"That's why we're building the MRT, LRT, commuter lines, TransJakarta [public bus network], high-speed railway, airport railway -- so that the public will shift from private to public transport," Widodo said.

Officials in some other major Indonesian cities plagued with similar if not worse traffic problems -- Bandung, Denpasar, Medan and Surabaya among them -- have expressed wishes to build their own LRT lines. So far, however, no concrete plans exist.

Meanwhile, the China-backed 140-kilometer high-speed railway connecting Jakarta and Bandung is slated to begin commercial operations in October, after also being hit with multiple delays. It will be Southeast Asia's first high-speed rail service.

Additional reporting by Ismi Damayanti

 
Last edited:
Transportation

Indonesia's Widodo launches greater Jakarta light rail service​

Country's third such project hits $2.1bn after cost overruns, multiple delays

View attachment 949789
A train of LRT Jabodebek, the country's latest light rail system, passes over a highway in Indonesia. The project is entirely state-backed. (Courtesy of Kereta Api Indonesia)

ERWIDA MAULIA, Nikkei staff writerAugust 28, 2023 17:51 JST


JAKARTA -- President Joko Widodo on Monday launched a light rail transit network serving Jakarta and two of its satellite cities as Indonesia's capital struggles with traffic and air pollution.

LRT Jabodebek is Indonesia's third such network. The first, in South Sumatra province, was launched in 2018 and runs 23 kilometers. LRT Jakarta followed a year later, covering 5.8 km.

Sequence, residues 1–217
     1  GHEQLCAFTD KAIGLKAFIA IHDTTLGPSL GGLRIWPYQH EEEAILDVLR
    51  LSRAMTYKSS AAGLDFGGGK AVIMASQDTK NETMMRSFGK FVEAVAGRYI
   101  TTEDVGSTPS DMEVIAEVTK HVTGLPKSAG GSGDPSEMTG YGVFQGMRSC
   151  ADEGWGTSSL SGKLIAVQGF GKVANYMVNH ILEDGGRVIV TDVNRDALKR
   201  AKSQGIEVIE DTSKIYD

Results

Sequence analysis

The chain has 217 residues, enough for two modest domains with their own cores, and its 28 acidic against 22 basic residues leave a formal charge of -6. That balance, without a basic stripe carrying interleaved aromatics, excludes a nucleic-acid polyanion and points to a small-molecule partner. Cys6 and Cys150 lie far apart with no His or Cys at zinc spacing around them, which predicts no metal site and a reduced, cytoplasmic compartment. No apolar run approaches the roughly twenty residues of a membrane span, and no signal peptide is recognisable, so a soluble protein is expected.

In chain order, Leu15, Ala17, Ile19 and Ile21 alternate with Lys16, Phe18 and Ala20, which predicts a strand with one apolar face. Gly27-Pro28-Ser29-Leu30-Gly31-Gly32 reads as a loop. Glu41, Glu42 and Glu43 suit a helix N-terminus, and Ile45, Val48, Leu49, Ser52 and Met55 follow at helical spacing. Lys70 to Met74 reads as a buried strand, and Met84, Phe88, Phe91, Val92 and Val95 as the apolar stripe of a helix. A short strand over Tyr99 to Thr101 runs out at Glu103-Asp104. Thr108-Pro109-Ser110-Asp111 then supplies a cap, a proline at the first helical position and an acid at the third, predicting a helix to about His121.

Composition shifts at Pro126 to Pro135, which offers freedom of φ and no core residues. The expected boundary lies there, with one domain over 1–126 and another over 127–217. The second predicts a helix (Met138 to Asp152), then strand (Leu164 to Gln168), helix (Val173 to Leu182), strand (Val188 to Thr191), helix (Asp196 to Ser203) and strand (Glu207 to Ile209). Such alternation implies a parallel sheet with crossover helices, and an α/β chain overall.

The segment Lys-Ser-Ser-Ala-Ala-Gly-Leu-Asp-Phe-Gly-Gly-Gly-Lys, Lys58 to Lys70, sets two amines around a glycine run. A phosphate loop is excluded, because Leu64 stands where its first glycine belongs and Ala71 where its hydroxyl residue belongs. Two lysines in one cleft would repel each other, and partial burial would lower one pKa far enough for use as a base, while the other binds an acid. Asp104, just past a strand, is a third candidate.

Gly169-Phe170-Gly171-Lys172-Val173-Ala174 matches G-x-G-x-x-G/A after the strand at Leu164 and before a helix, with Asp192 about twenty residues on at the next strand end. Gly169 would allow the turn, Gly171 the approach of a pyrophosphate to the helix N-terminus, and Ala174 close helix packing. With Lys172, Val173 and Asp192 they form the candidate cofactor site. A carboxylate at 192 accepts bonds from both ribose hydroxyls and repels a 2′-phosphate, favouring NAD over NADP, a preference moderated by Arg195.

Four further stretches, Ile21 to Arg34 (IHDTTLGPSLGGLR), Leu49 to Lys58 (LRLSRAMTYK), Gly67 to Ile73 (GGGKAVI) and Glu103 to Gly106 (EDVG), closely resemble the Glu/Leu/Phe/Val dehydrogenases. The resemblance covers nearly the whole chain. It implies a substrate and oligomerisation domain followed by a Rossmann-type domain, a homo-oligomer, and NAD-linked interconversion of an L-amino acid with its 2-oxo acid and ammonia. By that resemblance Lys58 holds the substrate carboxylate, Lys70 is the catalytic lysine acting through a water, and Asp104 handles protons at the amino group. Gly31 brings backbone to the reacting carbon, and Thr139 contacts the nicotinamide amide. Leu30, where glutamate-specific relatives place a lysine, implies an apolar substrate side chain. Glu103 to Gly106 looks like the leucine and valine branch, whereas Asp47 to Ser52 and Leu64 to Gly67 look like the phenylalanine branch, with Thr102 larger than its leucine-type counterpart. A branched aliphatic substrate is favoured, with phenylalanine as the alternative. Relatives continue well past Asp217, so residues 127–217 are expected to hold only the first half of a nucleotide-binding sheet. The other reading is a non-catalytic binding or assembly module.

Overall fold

The new LRT Jabodebek service spans 42.1 km. Trains on its two lines stop at 18 stations, connecting a main business district in central Jakarta with the cities of Depok and Bekasi in West Java province.

"Jakarta has persistently ranked among the world's 10 most congested cities," Widodo said during the launching ceremony. "Every day 996,000 vehicles enter Jakarta, causing traffic jams and pollution.

"We hope people will shift to LRT in droves ... so that we can avoid traffic congestion and reduce pollution."

The plan for LRT Jabodebek initially included another line connecting the capital with the city of Bogor, also in West Java. But that line was shelved following multiple delays in construction and cost overruns, some brought on by the COVID-19 pandemic.

The president on Monday said costs totaled 32.6 trillion rupiah ($2.1 billion), a considerable jump from around 20 trillion rupiah after Widodo broke ground in 2015.

Back then, the target launch year was 2019.

To finance the project, state-owned Kereta Api Indonesia, the railway's owner, received a direct capital injection from the government as well as syndicated loans, mostly from local banks. State construction company Adhi Karya is the contractor, while state train maker Inka produced the rolling stock. Government officials have subsequently called LRT Jabodebek "a creation of children of the nation," an allusion to the state-owned enterprises.

The new LRT service is set to deploy 31 trains, each consisting of six carriages and able to carry up to 1,300 passengers per trip. When the system becomes fully operational, the trains will make over 400 daily runs from 5 a.m. to 11:30 p.m.

The Transportation Ministry plans to attract riders with a subsidy that will cut fares for the longest journey to 20,000 rupiah ($1.30) from 27,000 rupiah.
Jakarta's haze problem is actually much worse than what Widodo alluded to with his statement on congestion: The Indonesian capital was the world's most polluted major city, air quality readings earlier this month by Swiss company IQAir showed.

Widodo is not fooling himself that the new service will make much of a difference. Due to the LRT's limited coverage area, it will not be easy to persuade commuters to shift to public transit, he said.